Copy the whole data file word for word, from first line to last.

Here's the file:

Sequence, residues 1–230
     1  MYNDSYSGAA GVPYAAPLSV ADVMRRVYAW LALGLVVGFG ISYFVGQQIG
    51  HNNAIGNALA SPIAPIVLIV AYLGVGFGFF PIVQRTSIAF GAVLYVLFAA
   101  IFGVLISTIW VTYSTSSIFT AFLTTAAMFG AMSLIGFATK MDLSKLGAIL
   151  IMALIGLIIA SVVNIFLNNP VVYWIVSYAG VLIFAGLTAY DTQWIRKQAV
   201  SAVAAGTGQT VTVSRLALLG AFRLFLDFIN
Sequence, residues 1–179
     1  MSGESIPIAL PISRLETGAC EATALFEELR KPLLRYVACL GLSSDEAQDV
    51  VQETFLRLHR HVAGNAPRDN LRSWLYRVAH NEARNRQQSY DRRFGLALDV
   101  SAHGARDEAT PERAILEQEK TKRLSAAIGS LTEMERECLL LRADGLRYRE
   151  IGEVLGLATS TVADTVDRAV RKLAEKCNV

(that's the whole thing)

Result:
Sequence, residues 1–230
     1  MYNDSYSGAA GVPYAAPLSV ADVMRRVYAW LALGLVVGFG ISYFVGQQIG
    51  HNNAIGNALA SPIAPIVLIV AYLGVGFGFF PIVQRTSIAF GAVLYVLFAA
   101  IFGVLISTIW VTYSTSSIFT AFLTTAAMFG AMSLIGFATK MDLSKLGAIL
   151  IMALIGLIIA SVVNIFLNNP VVYWIVSYAG VLIFAGLTAY DTQWIRKQAV
   201  SAVAAGTGQT VTVSRLALLG AFRLFLDFIN
Sequence, residues 1–179
     1  MSGESIPIAL PISRLETGAC EATALFEELR KPLLRYVACL GLSSDEAQDV
    51  VQETFLRLHR HVAGNAPRDN LRSWLYRVAH NEARNRQQSY DRRFGLALDV
   101  SAHGARDEAT PERAILEQEK TKRLSAAIGS LTEMERECLL LRADGLRYRE
   151  IGEVLGLATS TVADTVDRAV RKLAEKCNV